Every musician dreams of performing at Carnegie Hall.

Members of the Winnipeg Symphony Orchestra have been practising, practising, practising, and now their special performance is coming up on Thursday as part of Spring for Music, a North American showcase of orchestras.

Alexander Mickelthwate on Spring for Music poster

"Alexander Mickelthwate on our Spring for Music poster in New York City." (Winnipeg Symphony Orchestra)

Click on the photo gallery, above, for some great selfies from orchestra members and fans alike.

The WSO was chosen from among more than 30 orchestras across the continent that applied.

The program includes a work for percussionist Dame Evelyn Glennie written by composer-in-residence Vincent Ho called The Shaman: Concerto for Percussion and Orchestra, a work by Derek Charke called Thirteen Inuit Throat Song Games featuring Inuit throat singer Tanya Tagaq, and R. Murray Schafer's Symphony No.1.

"The program is really our soul," said music director Alexander Mickelthwate. "It's us — Winnipeg."

Glennie is thrilled to take The Shaman to Carnegie Hall.

"The WSO is so experienced with dealing with new music, so anything is possible. The program is a celebration of Canadian composers, and that's important. I just feel very privileged to be part of that," she said.

As for composer Vincent Ho, he says having his work performed at Carnegie Hall is a dream come true.

"It's actually quite poignant," he said at the Winnipeg airport on his way to New York. "My first appearance with the WSO was exactly 10 years ago, and then 10 years later I'm ending my composer-in-residency with them with a performance at Carnegie Hall. How beautiful is that?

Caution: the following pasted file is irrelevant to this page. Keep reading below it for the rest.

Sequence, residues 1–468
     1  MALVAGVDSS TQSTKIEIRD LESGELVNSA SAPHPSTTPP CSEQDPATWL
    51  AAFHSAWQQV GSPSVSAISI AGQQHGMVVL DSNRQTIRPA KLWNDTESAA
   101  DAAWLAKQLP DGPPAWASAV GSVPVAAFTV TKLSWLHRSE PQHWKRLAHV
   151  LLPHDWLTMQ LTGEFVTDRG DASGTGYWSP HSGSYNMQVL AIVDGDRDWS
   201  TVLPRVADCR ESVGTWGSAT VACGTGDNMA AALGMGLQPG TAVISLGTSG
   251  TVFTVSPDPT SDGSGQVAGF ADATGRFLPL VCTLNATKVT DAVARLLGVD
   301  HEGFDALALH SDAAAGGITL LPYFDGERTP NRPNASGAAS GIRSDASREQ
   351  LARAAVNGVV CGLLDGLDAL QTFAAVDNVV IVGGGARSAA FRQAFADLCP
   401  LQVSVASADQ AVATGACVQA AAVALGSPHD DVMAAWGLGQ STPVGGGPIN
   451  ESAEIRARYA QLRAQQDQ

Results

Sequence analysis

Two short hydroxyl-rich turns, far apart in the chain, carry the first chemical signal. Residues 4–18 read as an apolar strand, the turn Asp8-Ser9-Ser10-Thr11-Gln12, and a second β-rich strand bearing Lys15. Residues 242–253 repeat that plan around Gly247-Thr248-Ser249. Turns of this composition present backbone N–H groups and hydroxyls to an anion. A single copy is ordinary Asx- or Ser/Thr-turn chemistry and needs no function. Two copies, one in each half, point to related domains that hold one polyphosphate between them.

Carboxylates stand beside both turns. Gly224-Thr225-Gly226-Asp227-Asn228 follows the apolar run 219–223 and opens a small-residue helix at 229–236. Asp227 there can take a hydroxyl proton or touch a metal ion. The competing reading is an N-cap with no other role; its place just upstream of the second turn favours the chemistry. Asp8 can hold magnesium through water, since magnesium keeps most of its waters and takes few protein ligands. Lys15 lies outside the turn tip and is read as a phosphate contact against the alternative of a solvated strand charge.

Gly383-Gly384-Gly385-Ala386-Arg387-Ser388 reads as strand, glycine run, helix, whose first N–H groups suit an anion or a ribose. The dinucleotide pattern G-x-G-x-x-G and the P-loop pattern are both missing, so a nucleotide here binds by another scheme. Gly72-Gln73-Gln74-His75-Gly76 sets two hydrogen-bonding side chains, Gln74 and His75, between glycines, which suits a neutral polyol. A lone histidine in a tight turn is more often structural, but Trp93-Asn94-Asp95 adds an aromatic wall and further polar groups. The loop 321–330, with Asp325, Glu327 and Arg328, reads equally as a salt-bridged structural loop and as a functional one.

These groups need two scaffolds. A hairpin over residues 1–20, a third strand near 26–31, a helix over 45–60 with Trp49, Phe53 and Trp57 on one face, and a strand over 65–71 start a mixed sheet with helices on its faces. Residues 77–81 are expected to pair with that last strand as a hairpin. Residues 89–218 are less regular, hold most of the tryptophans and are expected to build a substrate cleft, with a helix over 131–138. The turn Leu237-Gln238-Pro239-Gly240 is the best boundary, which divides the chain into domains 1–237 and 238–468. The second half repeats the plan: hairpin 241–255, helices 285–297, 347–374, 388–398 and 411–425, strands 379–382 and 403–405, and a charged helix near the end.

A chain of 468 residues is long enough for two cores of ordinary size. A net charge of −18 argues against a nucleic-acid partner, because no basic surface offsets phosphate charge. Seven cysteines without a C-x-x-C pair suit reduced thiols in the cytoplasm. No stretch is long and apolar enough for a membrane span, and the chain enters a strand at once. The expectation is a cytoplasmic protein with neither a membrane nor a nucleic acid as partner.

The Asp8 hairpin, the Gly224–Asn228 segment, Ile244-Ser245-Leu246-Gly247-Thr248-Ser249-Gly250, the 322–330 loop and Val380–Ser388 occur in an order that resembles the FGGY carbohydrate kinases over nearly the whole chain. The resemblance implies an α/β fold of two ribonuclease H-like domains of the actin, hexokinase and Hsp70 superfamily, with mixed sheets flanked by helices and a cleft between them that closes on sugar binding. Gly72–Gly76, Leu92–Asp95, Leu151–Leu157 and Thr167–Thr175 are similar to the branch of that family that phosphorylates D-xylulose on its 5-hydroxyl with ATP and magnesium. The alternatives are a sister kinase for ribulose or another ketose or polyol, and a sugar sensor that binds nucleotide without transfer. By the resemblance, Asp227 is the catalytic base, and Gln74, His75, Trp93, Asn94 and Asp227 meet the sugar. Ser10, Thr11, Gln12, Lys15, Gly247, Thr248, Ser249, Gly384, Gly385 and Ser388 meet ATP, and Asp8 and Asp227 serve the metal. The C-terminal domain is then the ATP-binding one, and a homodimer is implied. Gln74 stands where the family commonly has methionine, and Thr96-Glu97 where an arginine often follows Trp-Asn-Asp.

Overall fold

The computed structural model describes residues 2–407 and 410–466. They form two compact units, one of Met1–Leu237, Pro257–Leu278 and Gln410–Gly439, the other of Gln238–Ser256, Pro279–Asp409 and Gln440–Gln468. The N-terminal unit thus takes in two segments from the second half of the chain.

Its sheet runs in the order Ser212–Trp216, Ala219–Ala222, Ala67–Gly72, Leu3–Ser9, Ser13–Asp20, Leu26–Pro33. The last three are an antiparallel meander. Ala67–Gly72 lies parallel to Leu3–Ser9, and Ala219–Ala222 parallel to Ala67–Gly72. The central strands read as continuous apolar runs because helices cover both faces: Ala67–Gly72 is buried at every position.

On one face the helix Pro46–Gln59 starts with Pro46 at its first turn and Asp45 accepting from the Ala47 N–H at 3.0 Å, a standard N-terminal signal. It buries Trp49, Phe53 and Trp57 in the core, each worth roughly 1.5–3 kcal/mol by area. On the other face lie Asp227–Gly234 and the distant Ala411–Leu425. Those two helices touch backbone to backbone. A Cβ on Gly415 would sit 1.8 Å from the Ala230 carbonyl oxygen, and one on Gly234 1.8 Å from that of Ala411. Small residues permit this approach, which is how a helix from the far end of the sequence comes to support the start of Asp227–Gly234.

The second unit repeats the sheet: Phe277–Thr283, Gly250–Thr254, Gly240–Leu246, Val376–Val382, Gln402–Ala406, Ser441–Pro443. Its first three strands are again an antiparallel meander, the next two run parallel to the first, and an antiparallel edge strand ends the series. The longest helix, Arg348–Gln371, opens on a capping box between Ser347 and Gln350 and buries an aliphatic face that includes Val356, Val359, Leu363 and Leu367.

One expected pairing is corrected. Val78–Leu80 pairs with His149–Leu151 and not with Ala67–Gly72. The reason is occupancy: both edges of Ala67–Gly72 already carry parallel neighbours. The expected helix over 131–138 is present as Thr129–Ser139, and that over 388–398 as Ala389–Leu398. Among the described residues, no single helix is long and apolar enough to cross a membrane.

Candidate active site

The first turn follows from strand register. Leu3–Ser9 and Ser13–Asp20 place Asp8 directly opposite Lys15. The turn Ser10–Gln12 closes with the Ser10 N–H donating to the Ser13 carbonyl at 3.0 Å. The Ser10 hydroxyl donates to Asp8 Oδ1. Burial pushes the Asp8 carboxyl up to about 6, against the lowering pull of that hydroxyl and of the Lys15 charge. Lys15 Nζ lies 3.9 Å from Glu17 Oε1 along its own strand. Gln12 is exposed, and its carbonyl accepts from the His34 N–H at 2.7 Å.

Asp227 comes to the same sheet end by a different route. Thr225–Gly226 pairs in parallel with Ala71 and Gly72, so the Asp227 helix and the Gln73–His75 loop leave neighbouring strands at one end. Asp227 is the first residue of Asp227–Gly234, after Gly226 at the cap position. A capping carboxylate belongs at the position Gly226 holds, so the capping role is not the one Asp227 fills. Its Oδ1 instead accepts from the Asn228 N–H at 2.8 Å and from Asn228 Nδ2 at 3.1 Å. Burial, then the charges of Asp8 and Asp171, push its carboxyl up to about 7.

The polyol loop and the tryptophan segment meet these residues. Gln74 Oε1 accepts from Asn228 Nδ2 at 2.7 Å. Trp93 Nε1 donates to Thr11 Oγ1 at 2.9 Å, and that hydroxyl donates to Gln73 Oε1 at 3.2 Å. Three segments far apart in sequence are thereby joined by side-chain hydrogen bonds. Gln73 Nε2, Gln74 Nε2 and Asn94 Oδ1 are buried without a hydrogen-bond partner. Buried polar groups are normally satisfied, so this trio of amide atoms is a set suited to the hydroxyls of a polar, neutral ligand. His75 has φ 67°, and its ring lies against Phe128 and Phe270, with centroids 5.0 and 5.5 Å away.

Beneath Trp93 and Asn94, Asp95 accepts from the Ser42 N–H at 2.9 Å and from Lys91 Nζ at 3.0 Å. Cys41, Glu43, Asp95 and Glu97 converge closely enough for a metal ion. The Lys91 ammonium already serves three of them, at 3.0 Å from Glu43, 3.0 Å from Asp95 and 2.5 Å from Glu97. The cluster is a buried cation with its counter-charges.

Vincent Ho, composer-in-residence at Winnipeg Symphony Orchestra

Composer Vincent Ho ready to leave for New York. (Andrea Ratuski/CBC)

"To finally have my work performed by a great orchestra — one of Canada's great orchestras — at one of the most prestigious venues in North America, is one of those bucket list items that every composer dreams of checking off," he continued.

Clarinetist Michelle Goddard is excited to be going to New York for the first time and she says the musicians have been working extra hard.

"The level of detail is so much higher," she said. "For this concert we're really looking deeper into everything and I think everyone's spent even more time at home practising than usual preparing for this."

Jeremy Epp had the chance to perform at Carnegie Hall last year. He says the acoustics of the hall are absolutely amazing.

Not only that, "you've got the history, too, where there are connections to composers like Tchaikovsky and Mahler and Stravinsky — we have a feeling that they lived a long time ago, but all of a sudden you step into that room and there's a tangible sense of having a connection with these people who also played on that stage," he said.

Eight hundred friends, family and fans are also making the trip to be in the audience.

The Winnipeg Symphony Orchestra's concert at Carnegie Hall will be streamed live on the website of New York classical radio station WQXR starting at 7:30 p.m. ET (6:30 p.m. CT).